Could America’s bathroom cabinets finally be cleansed of tiny ecosystem-disrupting plastic beads?

Ecologists, activists, and lawmakers in a number of states have grown increasingly alarmed at exfoliating plastic microbeads in products such as face wash, toothpaste, and shampoo, which wash down drains and end up in lakes, rivers, and oceans. Earlier this month, Illinois became the first state to outlaw the manufacture and sale of grooming products containing the microbeads, starting in 2017.

Now microbead worries have simmered up to Congress. Rep. Frank Pallone, Jr. (D-N.J.) on Wednesday introduced a bead-banning bill. From his press release:

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The bill would ban the sale or distribution of cosmetics products containing plastic microbeads effective January 1, 2018.

“These tiny plastic particles that are polluting our environment are found in products specifically designed to be washed down shower drains,” said Pallone. “And many people buying these products are unaware of their damaging effects. If we know that these products will eventually reach our waterways, we must make sure that they don’t contain synthetic plastic that does not biodegrade and ultimately pollute our waterways. We have a responsibility to put a stop to this unnecessary plastic pollution.”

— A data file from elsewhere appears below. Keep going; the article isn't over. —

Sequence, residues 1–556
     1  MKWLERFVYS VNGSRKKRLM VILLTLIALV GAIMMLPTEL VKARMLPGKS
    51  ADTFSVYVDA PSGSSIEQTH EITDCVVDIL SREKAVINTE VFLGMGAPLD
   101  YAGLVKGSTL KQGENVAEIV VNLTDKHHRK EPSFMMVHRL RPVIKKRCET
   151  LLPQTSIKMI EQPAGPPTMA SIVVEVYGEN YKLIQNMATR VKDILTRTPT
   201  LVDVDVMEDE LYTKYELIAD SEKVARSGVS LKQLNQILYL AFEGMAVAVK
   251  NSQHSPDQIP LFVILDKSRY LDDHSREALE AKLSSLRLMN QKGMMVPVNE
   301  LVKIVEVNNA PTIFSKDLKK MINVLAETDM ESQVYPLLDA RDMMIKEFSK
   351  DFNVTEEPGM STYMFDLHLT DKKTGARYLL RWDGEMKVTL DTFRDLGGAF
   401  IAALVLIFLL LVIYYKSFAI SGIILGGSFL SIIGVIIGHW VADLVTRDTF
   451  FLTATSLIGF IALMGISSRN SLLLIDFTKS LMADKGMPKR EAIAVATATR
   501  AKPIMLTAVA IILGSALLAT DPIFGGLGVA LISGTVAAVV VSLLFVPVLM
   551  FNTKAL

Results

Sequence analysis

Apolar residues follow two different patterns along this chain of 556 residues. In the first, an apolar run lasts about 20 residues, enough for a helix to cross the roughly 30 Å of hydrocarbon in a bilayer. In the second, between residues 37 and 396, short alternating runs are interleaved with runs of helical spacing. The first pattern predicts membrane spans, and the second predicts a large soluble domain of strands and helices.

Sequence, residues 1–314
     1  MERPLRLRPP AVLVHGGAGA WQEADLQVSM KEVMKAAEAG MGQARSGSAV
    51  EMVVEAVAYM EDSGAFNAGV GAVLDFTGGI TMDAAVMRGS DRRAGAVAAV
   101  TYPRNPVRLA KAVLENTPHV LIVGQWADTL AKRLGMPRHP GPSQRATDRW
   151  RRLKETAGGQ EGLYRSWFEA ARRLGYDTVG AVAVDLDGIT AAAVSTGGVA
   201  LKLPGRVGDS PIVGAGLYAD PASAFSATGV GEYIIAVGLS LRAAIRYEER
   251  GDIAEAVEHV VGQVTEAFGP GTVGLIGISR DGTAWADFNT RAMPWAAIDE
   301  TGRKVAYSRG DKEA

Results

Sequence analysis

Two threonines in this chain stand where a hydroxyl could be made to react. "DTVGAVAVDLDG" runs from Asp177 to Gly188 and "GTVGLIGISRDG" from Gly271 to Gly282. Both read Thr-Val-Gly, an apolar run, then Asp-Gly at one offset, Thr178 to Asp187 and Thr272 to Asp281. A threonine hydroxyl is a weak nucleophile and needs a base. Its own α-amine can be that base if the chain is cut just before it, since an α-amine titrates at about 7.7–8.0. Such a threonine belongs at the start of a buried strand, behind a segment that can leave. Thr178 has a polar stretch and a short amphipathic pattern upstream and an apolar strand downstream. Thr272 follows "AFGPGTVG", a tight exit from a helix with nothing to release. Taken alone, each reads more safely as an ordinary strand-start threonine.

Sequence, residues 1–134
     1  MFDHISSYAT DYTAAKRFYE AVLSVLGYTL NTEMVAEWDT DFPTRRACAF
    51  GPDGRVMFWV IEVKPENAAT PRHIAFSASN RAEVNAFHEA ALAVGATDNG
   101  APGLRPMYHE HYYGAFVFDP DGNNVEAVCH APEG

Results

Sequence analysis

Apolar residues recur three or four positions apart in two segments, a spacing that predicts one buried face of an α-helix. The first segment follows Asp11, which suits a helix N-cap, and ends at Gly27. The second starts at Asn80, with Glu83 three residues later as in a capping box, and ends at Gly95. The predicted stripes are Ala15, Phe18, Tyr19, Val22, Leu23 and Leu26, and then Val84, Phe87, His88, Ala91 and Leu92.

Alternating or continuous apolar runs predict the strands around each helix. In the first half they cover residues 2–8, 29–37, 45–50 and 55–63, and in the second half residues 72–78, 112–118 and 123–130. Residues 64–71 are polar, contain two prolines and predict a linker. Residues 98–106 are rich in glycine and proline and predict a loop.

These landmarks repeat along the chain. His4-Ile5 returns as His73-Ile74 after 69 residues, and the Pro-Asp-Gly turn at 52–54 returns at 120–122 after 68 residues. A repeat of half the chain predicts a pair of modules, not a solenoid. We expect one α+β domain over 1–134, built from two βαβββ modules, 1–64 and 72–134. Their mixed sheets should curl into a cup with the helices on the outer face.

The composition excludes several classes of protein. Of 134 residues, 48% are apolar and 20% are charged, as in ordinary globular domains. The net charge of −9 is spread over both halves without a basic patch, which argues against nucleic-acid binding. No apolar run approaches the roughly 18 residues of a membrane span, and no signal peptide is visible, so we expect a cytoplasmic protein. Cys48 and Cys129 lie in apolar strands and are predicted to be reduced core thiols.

The bill is pretty much DOA in the Republican-controlled House. But a solution to the microbead problem could still be in the offing. As the AP notes, the companies that produce these polluting products actually cooperated with Illinois lawmakers in drafting the state’s recent bill. That’s largely because many of them have already announced plans to stop using the plastic ingredients altogether in the coming years.

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